August 4

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“For Christ didn’t send me to baptize, but to preach the Good News—and not with clever speech, for fear that the cross of Christ would lose its power” (1 Corinthians 1:17 NLT).

From: August 4, 2018

Perhaps more than any other epistle, Paul’s letter to the Corinthians was corrective. He had heard that there were divisions among them based on who had baptized them, claiming superiority by some fleshly view of spiritual lineage. But Paul would have none of it. He reminded them that it wasn’t who baptized them that mattered, nor was it important that the preacher who had led them to Christ was the most eloquent. What mattered was the simple yet powerful message of the cross of Christ.
The Corinthians were lovers of Greek culture and rhetoric. They seemed more enamored with the quality of the speaker, than with the power of the message. Paul made the point that it was the simplicity of the gospel that was key to its power. The point of preaching the gospel wasn’t to make the preacher famous, but to make Jesus famous!

“But they kept mocking the messengers of God, despising his words and scoffing at his prophets, until the wrath of the Lord rose against his people, until there was no remedy” (2 Chronicles 36:16 ESV)

From: August 4, 2016

The Lord continually sent prophets to warn Judah of their disobedience and of the coming judgment on their nation if they didn’t repent. Yet, they not only didn’t heed His word, they mocked and despised it. It was God’s love and compassion that moved Him to warn them, but they would not listen. So, judgment fell. And the king of Babylon conquered them, destroying Solomon’s Temple and carrying off both the people and the riches of Jerusalem. It was their rejection of God’s Word, that caused them to receive His wrath. A people who mock and despise God’s Word, and scoff at His preachers, will not long prosper.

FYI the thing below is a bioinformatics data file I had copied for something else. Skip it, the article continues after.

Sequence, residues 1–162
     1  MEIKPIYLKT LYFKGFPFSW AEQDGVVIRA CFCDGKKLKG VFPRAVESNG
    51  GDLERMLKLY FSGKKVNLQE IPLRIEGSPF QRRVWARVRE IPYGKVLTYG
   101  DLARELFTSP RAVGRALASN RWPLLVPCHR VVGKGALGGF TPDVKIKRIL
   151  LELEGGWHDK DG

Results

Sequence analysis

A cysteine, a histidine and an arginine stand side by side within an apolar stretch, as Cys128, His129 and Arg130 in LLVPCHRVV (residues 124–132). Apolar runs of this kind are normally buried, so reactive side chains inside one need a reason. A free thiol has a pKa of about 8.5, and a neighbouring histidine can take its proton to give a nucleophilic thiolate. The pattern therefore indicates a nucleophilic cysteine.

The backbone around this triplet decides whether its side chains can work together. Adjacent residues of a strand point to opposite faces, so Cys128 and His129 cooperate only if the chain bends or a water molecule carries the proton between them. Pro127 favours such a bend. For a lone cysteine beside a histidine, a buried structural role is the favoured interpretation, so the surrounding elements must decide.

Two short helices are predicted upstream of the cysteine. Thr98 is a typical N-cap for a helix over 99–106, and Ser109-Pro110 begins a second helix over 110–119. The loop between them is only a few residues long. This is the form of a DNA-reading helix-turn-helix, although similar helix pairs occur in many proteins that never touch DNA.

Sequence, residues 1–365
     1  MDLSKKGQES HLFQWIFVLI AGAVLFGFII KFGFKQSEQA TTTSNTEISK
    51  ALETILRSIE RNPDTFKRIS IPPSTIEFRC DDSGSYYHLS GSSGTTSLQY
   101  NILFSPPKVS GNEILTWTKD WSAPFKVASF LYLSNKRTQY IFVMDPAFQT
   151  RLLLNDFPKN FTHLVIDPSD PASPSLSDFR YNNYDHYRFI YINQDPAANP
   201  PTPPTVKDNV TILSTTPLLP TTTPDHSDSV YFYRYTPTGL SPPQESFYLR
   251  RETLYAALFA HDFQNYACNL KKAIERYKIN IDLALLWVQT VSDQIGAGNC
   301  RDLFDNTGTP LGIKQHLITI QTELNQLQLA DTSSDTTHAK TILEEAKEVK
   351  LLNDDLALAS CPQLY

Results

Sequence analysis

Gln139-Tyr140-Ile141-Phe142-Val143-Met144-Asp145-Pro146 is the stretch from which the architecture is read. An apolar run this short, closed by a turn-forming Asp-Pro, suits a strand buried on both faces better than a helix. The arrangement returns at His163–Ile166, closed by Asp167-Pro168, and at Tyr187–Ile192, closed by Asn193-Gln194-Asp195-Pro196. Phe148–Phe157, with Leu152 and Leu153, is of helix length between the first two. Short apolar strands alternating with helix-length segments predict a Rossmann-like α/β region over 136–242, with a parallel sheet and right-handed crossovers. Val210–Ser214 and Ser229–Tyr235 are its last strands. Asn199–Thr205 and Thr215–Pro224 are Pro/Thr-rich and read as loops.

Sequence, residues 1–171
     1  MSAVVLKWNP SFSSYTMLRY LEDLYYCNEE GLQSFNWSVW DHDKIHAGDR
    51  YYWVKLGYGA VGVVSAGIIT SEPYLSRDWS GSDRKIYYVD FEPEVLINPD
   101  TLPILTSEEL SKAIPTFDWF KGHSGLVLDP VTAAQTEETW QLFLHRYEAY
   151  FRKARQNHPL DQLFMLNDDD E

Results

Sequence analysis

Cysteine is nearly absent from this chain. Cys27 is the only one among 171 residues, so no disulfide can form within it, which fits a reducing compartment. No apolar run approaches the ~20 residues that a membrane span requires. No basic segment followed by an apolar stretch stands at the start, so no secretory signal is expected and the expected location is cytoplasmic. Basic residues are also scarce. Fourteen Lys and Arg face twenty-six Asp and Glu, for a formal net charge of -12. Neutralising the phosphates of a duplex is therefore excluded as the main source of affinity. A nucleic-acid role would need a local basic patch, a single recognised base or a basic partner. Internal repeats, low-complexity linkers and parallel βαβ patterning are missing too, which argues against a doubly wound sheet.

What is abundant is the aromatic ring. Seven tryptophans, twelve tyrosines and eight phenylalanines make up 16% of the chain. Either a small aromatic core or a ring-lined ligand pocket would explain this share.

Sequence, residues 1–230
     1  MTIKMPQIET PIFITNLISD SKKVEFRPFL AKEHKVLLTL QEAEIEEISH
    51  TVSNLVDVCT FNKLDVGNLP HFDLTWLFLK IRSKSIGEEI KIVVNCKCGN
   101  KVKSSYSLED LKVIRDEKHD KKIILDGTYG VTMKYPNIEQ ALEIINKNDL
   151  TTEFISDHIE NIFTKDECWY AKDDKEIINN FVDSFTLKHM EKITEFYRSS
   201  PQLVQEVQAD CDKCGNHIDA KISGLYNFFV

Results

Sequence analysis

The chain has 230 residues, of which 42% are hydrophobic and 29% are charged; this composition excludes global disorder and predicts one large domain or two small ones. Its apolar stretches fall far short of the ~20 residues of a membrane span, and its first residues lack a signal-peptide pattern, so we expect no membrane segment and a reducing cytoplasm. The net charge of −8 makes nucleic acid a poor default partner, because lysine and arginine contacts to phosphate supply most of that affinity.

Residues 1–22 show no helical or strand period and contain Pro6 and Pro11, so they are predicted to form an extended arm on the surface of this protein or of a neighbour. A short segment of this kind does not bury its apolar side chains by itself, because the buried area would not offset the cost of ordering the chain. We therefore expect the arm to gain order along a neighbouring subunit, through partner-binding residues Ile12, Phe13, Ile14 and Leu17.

“The Lord is my light and my salvation; Whom shall I fear? The Lord is the strength of my life; Of whom shall I be afraid?” (Psalm 27:1 NKJV)

From: August 4, 2015

Among our phobias, fear of the unknown, or of something that overpowers or overcomes us, or of our own death are prominent. David said that God was his “light” (exposing the unknown), his “strength” (empowering and supplying his need) and his salvation (saving him from death). In this way God gave him faith in the place of fear. What do you fear today? Replace your fears with faith. Look to a specific character trait of the Lord and choose to focus on Him rather than living in fear.

“The one thing I ask of the Lord— the thing I seek most— is to live in the house of the Lord all the days of my life, delighting in the Lord’s perfections and meditating in his Temple” (Psalm 27:4 NLT)

From: August 4, 2014

What a wonderful life goal David had! To live in the Lord’s house, to delight in His perfections and to meditate on Him. It is the fulfillment of this goal that Christ promises to make possible in John 14:1-3 when He speaks of preparing a place in the Father’s house for us. Some people wonder what they would do in this eternal abode, but David didn’t. He understood the eternal and ever-engaging nature of God’s “perfections” and looked forward to spending eternity delighting and meditating on them. If we can spend lifetimes considering God’s creation, then what wonders must await those who dwell in the Creator’s home and delight in Him.

King Josiah was the last of the great kings in Judah.

From: August 4, 2009

Today’s reading in 2 Chron. records his death. With it died the prophet Jeremiah’s hope, who wrote laments (sad mourning songs) about him. Poor Jeremiah, how hard it must have been to be the preacher whose calling was to prophesy to a people who wouldn’t listen.